Living in Greece

A practical guide to moving, living, working & traveling in Greece, plus musing and misadventures from an American in Athens

IKA vs. IKEA in Greece

allak.jpgWhat’s the difference?

In Greece, IKEA is a Swedish furniture store and IKA (Ιδρυμα Kοινωνικών Aσφαλίσεων) is a social insurance fund that provides for pensioners and salaried workers.

I understand that longtime residents of Greece know the difference, but I wanted to prevent newcomers in need of medical services from traveling to Spata or Aigaleo, only to find inexpensive furniture and not an “IKEA hospital.” IKEA does not repair people or even furniture for that matter. Some would argue that IKA does not provide the means to properly repair people either, but that’s a different story altogether.

Likewise, an IKA location offers no furniture for sale and can only provide workers and retirees in Greece with services pertaining to insurance matters and pensions.

*Article last updated March 2, 2012

IKEA and IKA websites

Links to official websites, one with a limited English version and the other (now) only in Greek.

IKA ( purports to have their site in several languages, however it’s not quite true. The English, French and German versions have been expanded from one sentence to a few paragraphs with a Word document containing “more information” in Greek, which isn’t very useful since those choosing this option can’t read Greek. The Albanian, Russian, Romanian and Bulgarian versions connect to a one-page PDF in the respective language, and this isn’t nearly enough to cover the basics.

IKEA ( removed a wonderful English version of its website in early 2011 for reasons unknown. See “IKEA Greece” for a translation of essential information.

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  cheryl wrote @ May 17th, 2007 at 00:43

I have just discovered your blog and I find it extremely informative. My family will be moving to Greece this summer and although I have lived in the country years ago there are a lot of things that I am still not aware of. Thanks for putting all of the helpful info out there!!

Kat Reply:

Cheryl – Thanks for the compliment! 🙂 I started this site as a tool to help people because although information is floating around, there are variations. Websites are also more prominent than when I came here 10 years ago, but still lack English versions or even complete info in Greek for those who speak the language. It’s not like the USA where you can take a driver’s license test or do taxes in 10 languages and get by just fine without ever learning English (which is free, even if you’re illegal). Many lifelong natives of Greece don’t experience as much bureaucracy as expats, and sometimes don’t have any idea about what to do, so I get questions from them too. It not just expats who need assistance.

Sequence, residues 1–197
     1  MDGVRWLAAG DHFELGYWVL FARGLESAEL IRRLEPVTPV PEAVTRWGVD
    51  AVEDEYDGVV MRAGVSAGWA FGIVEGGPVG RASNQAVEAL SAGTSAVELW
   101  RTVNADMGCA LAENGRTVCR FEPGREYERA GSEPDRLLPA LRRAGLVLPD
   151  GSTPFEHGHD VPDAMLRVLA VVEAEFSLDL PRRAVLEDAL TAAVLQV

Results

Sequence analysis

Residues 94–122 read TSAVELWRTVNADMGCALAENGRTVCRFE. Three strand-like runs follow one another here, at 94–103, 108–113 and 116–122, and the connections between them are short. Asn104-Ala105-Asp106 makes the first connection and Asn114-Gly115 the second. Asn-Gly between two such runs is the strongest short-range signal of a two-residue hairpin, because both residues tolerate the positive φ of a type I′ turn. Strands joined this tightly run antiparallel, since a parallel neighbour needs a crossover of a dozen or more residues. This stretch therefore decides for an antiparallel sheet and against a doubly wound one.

chloe wrote @ May 17th, 2007 at 08:20

the queues are the same though.

Kat Reply:

Hi there! Haha! So true. P.S. Love your photo and new site.

  EllasDevil wrote @ May 17th, 2007 at 12:25

I hate IKEA!

I’d much rather spend my free time at IKA which really does prove how much I really do hate the hell on earth place in Spata!

Kat Reply:

C’mon ED, I’ll buy you a .25 ice cream, you’ll be fine.

  melusina wrote @ May 19th, 2007 at 00:35

My husband just got done training at an IKA hospital, one where his dad has worked forever. I can’t speak to their benefits, but he was treated well during his six months there as a doctor.

I love IKEA. We never had one in Nashville, and it is going to be great to fill in areas of our new house with some furniture once we run out of “real” money. =p

Kat Reply:

Mel, I envy you, you have no worries then about hospitals and health care! So far my only encounters and those of friends have been mired with bribes or payment to private doctors to get proper care.

There are some good points about IKEA, just don’t look at how cheap they’re selling the same furniture in Nashville compared to here 🙂

  rachel wrote @ July 19th, 2009 at 14:41

very informative.i live in mitilini so i’ll be traveling to athens just to go to ikea (yes its the only way to get some desperately needed cheap furniture),i only hope i can get delivery sorted out as easy as been stated in other comments,otherwise i’ll be stuck in athens with all that furniture,!!!(maybe i should be more sure about the delivery thing hey!!!

Kat Reply:

I’ve never had furniture delivered anywhere outside Athens, but I hear from a lot of people that they had it done with no problem, so you should be fine. If you want to make super certain, you can call before coming here, or at least check the counter near the exit before making your purchases. Thanks for stopping in today. 🙂

See IKEA Greece for more info.

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